Iraqi troops push back ISIL in oil-rich city

Fierce fighting continues between government forces and armed group in the northern city of Beiji.

    The Iraqi army has reached the centre of the northern city of Beiji, as they continue their effort to break the siege of the Islamic State of Iraq and the Levant (ISIL) on the country's biggest oil refinery nearby.

    Exclusive images obtained by Al Jazeera on Monday showed government forces pushing ahead into the rebel-controlled city, with ISIL's flag covered with an Iraqi security forces slogan.

    Al Jazeera's Imran Khan, reporting from Baghdad, said clashes continue and the armed rebels are fighting back.

    He said the oil refinery, located about 50km from the city centre, is the next big target. ISIL fighters remain in control of parts of the facility.

    The military advance is seen as a significant victory for the government, as Beiji and its nearby oil refinery were one of the first territories swept by ISIL in June.

    On Sunday, Iraqi troops entered Beiji, a city of about 200,000 people, from the south and west and took over the al-Tamim neighbourhood and city centre.

    ISIL placed bombs along roads and deployed snipers to keep government forces from advancing, tactics used in other cities held by the Sunni armed group, which controls swathes of both Iraq and Syria.

    In an exclusive interview with Al Jazeera, Ahmed Adb al-Joubouri, minister of state for provincial affairs, urged Iraqi men to join the fight in Beiji and elsewhere.

    "If we don’t act now then ISIL will sweep us so we have to give big support to the youth to join the fight against ISIL especially in Salahhuddin province as it is considered the breaking point for ISIL’s advance towards Baghdad," he said.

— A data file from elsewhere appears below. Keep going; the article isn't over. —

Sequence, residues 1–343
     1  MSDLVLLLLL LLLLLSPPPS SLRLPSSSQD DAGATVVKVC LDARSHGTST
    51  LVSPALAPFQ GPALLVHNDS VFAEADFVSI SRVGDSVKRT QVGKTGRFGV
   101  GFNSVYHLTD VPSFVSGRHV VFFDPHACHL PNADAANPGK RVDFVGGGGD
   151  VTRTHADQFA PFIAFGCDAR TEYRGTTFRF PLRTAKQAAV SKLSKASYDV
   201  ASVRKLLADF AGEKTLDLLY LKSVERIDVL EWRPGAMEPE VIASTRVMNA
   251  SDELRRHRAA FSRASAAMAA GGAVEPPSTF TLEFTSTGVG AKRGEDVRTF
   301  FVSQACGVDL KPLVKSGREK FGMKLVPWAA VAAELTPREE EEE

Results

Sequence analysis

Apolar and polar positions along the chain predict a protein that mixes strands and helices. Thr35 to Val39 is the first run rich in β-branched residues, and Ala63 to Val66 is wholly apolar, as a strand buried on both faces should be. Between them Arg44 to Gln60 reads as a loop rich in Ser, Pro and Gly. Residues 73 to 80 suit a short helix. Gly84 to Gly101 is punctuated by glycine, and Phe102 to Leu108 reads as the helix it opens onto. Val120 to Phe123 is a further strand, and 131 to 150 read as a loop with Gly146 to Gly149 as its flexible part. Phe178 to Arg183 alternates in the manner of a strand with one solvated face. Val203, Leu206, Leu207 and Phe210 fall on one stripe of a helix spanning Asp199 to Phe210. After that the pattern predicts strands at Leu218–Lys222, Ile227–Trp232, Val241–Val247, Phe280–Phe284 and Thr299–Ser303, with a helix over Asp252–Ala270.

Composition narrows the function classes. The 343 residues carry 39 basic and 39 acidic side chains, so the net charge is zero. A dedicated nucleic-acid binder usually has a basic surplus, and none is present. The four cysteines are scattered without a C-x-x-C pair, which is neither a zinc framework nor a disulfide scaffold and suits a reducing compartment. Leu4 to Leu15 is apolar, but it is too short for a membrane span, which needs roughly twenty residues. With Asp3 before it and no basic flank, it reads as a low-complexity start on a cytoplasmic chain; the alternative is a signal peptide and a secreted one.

Meanwhile, Beiji resident Sultan al-Janabi told Reuters by telephone from his house that clashes had been raging since the advance.

    Baghdadi's fate unclear

    In a related development Major Curtis Kellogg, a spokesman at the US military's Central Command, said it had no information to corroborate media reports that ISIL leader Abu Bakr al-Baghdadi was wounded in a strike on the city of Mosul in the north and al-Qaim to the west.

    "We cannot confirm that Baghdadi was present when we struck the convoy near Mosul on Friday night," he said.

    A Twitter account claimed Baghdadi had been wounded by a US strike, but other accounts that support ISIL said the report was untrue.

    Al Jazeera is trying to verify the authenticity of the Twitter account.

    A member of western Anbar Province's security committee said he had heard unconfirmed reports that Baghdadi had been wounded and moved to Syria.

    Several other Anbar officials gave contradictory reports on Baghdadi's fate.

    On Friday, the United States, which fought ISIL's predecessor al-Qaeda during the American occupation of Iraq, said it will send up to 1,500 more troops to train Iraqi forces. Britain also plans to send trainers.

    US air strikes, launched after ISIL beheaded Western hostages, have slowed down the group and enabled Iraqi security forces to make some gains.

    SOURCE: Al Jazeera and agencies


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